What is certain is that when you’re here in the overcast autumn for a group match in a stadium that holds fewer than 30,000 souls on Champions League nights (away allocation 1400, with LFC and tour operators doing their best to discourage people from travelling), you can’t expect the throng of tens of thousands of reds and their flags that we saw in Taksim square in that glorious May of  2005. In fact, there was no chance of generating any atmosphere whatsoever in the Taksim area this time, so you were better off exploring and trying to meet the locals – and if you were ready to be outgoing and friendly, then Beşiktaş itself  was the place to be.

I stayed in the Taksim area because it’s handy for the wonderful old Inönü stadium, just down the hill, which, contrary to the propaganda put out on Liverpool’s official website, is a wonderful little place to watch a football match and to experience one of the greatest atmospheres in world football. Taksim is also handy for the Beşiktaş area itself, about 1km further past the ground, up the shoreline of the Bosphorous. There’s tourist stuff to do in Beşiktaş too – you could get a guided tour of Dolmabahce palace or visit the Naval museum (by the footbridge opposite the Beşiktaş supporters’ pub called Kazan– see below), but personally we were too busy making friends over a few beers.

If Galatasaray means ‘Galata (one of the oldest areas of the town) Palace’, and Fenerbahce means ‘Lighthouse Park’, then its appropriate that the worker’s team, Beşiktaş, has a more workaday meaning – ‘Five Streets’ or ‘Fiveways’.  Let’s have a wander around those streets and I’ll give you five ways to spend your time.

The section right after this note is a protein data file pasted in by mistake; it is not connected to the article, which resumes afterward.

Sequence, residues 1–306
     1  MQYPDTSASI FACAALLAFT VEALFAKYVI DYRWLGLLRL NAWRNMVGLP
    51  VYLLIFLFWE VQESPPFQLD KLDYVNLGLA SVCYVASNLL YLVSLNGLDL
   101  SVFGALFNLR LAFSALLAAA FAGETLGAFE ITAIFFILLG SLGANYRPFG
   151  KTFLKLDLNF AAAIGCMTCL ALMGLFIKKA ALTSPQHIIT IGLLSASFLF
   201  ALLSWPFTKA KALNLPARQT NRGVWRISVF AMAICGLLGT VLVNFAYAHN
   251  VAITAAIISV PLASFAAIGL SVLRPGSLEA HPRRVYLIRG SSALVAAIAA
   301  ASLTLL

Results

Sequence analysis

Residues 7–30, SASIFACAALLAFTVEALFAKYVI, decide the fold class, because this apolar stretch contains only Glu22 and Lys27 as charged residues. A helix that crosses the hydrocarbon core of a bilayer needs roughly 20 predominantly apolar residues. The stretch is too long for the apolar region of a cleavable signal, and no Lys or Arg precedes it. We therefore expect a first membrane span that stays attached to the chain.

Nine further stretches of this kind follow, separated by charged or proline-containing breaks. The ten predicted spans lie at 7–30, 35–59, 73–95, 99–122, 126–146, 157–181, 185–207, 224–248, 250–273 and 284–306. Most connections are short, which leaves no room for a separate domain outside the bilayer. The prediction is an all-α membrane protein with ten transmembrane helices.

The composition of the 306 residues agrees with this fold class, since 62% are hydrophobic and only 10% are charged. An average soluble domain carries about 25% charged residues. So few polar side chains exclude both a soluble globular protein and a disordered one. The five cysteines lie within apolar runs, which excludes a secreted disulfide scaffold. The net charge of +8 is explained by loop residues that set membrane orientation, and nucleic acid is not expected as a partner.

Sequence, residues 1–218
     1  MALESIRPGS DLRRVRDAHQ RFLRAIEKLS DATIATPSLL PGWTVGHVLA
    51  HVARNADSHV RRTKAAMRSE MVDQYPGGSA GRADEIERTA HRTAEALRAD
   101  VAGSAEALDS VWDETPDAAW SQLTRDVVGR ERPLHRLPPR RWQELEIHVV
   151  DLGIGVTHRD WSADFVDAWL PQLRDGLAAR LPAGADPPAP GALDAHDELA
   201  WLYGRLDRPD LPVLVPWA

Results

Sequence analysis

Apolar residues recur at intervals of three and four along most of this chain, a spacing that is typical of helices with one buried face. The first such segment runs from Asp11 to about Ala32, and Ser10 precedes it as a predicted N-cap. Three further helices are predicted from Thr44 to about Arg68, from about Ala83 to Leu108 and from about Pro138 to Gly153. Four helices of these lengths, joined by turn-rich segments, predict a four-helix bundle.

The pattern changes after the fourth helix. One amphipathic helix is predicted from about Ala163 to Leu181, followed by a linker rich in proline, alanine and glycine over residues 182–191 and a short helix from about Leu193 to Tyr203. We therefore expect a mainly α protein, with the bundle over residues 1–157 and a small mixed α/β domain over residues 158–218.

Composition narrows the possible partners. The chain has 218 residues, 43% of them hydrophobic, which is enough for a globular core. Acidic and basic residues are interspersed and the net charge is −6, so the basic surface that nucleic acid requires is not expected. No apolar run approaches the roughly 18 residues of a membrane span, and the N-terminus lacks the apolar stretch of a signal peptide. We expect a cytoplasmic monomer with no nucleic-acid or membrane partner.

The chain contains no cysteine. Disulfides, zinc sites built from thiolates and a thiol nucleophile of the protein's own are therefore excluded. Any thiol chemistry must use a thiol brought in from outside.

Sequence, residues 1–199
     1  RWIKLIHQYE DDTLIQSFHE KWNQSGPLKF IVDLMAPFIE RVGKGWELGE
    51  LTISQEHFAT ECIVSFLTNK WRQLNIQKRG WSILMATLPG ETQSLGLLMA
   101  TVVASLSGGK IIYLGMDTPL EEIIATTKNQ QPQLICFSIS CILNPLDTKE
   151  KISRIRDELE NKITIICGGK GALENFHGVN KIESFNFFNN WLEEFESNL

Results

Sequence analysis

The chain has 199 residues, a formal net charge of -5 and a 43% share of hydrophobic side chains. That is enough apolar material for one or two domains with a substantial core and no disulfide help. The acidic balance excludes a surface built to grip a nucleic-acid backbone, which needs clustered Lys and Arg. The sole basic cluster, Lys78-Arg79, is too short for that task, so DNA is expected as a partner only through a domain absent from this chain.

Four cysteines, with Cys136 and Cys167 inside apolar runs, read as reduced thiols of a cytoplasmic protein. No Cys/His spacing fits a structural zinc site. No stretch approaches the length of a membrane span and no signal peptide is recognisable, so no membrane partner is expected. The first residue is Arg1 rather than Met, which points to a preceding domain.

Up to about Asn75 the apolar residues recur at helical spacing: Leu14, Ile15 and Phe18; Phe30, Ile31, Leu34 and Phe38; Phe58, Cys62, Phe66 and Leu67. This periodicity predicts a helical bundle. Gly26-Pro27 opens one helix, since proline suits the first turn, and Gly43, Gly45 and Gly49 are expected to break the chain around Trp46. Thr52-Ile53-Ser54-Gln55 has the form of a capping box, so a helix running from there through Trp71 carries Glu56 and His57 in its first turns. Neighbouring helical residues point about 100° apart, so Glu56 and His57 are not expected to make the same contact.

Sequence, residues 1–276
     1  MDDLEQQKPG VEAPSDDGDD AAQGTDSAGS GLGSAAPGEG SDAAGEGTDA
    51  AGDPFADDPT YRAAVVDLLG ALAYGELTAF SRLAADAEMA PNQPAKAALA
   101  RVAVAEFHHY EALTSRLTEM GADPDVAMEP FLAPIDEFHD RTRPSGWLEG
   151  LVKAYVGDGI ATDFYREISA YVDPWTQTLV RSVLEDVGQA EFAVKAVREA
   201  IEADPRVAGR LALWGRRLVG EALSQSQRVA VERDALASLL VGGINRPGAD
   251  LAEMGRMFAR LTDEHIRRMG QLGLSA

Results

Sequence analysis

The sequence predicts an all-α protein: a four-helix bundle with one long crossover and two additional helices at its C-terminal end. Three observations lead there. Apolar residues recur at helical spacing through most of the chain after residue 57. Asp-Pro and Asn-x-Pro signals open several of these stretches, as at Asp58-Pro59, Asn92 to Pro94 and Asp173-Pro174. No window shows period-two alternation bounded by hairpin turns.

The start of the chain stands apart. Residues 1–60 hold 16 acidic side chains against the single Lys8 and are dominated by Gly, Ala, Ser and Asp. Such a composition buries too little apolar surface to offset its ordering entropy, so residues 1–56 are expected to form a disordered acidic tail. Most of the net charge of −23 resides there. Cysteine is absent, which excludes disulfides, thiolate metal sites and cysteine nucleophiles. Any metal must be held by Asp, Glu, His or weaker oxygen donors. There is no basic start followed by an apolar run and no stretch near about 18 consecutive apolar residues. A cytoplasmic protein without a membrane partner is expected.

5.  The BJK club shop
There are several good reasons to wander down to the stadium the day before the match, and its proximity to Taksim Square makes getting there (taxi £1.50, minibus 50p, ten minutes on foot and downhill all the way ) really easy.

First there’s the view from the wooded hill above the stadium. Take a picture looking over the main (West) stand and towards the spectacular eagle banner which sits over the top seats of the Çarşı stand, symbolising the fact that the spirit of the club is absent until it takes it place there on match days. Then move to your left and take another shot which shows the ground with the clocktower of the palace, the mosque and the Bosphorous in the background. Try to include at least 3 passing ships in your shot, which shouldn’t be difficult, as unlike the Mersey, this particular sea-lane still bustles with international trade and a dozen passenger ferry routes. You can see why no less an authority than the great Pele has called this one of the greatest stadiums of the world – maybe it’s because of the setting, the only ground in the world from which you can see another continent, or maybe it’s because there’s a very handy section of pavement high above the NW corner, from which Pele could watch the Liverpool players train the evening before the match … if  he’d remembered to bring his binoculars.